I really like this book, which is the kiss of death — any 2015 Marvel comic so thoroughly aimed at the heart of a guy who lives in 1978 will find it has a vanishingly small readership. It is a minor miracle that this book exists and I am resolved to enjoy it while it lasts. The book looks up-to-date, but it has an old school ethos, including captions with honest-to-gosh omniscient third-person narration, and a direct call-back to one of my favorite Avengers runs of all time. And there is even some Bronze Age-style social commentary here, as the Vision and his artificial wife and children move into the suburbs of Washington D.C., and try to fit in, conjuring the dread of “the other” in their WASPy neighbors who try to welcome them and credit themselves for being so liberal as to embrace the synthezoids next door. This Vision has a wife, and children, created in his own image. They are just sufficiently defective that they are destined to spin out of control, a sense of doom that writer Tom King marvelously teases out, leaving the reader to survey the distress signals against a banal backdrop of the Vision having minor disagreements with his wife, and the kids attending their first day of school. Gabriel Hernandez Walta perches on the edge of the uncanny valley with Visions that are just … barely … able to pass for normal. But there is nothing normal about this book, which has one of the most singular voices of this Marvel re-launch, embracing the opportunity to genuinely test the limits of “All-New and All-Different.” It’s probably doomed.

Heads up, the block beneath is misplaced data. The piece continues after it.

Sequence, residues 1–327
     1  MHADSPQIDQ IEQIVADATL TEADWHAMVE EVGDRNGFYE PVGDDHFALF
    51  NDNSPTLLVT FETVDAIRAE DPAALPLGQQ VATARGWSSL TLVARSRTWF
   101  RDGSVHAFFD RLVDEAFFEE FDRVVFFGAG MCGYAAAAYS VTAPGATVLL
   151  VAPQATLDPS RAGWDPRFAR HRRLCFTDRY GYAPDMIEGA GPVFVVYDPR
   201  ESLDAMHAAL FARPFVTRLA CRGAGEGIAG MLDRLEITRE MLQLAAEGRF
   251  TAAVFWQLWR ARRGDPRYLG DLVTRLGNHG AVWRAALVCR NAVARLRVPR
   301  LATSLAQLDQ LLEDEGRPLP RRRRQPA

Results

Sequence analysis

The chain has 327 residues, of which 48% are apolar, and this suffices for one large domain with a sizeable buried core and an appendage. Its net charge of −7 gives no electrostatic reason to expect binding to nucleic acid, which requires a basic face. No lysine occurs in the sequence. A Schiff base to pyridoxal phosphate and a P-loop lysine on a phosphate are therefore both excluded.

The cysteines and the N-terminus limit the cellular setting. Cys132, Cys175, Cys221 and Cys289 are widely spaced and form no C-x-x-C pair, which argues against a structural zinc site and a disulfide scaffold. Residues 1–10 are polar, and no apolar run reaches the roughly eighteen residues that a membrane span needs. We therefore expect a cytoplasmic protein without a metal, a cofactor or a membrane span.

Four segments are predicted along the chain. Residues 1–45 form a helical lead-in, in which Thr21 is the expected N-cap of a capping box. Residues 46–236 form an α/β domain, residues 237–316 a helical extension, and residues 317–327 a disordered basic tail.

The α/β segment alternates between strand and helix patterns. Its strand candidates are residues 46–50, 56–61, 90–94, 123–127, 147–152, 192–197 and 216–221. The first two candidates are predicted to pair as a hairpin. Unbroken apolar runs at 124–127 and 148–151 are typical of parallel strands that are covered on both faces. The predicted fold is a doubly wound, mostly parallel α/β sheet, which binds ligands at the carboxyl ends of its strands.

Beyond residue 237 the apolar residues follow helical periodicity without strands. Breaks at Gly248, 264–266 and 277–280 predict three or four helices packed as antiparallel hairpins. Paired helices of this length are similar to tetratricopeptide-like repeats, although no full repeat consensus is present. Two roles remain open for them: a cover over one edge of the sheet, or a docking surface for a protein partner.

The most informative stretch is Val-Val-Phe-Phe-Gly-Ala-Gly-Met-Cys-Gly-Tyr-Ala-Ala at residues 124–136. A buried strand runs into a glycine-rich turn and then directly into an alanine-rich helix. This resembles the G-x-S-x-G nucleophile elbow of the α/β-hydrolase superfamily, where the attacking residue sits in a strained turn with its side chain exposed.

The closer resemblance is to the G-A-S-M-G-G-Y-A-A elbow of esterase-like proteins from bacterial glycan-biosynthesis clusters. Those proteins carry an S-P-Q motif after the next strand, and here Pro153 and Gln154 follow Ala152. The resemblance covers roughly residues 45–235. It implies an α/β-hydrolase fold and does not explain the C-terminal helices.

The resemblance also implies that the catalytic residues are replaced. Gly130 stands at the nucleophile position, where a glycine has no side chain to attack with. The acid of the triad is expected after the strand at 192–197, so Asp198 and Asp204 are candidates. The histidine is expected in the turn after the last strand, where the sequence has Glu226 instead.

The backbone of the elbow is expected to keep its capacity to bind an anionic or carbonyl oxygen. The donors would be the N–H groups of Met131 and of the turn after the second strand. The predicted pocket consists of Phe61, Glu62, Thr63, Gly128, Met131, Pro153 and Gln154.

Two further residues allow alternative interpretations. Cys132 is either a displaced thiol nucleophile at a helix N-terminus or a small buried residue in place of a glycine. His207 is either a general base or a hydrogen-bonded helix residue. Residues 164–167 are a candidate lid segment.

Approachability For New Readers
It helps to have an affection for the Vision, and to know his past … without those things I think this is just a Twilight Zone story for new readers.
Absolutely! I only hope this series can reach a conclusion before sales-related cancellation breaks it up for parts.
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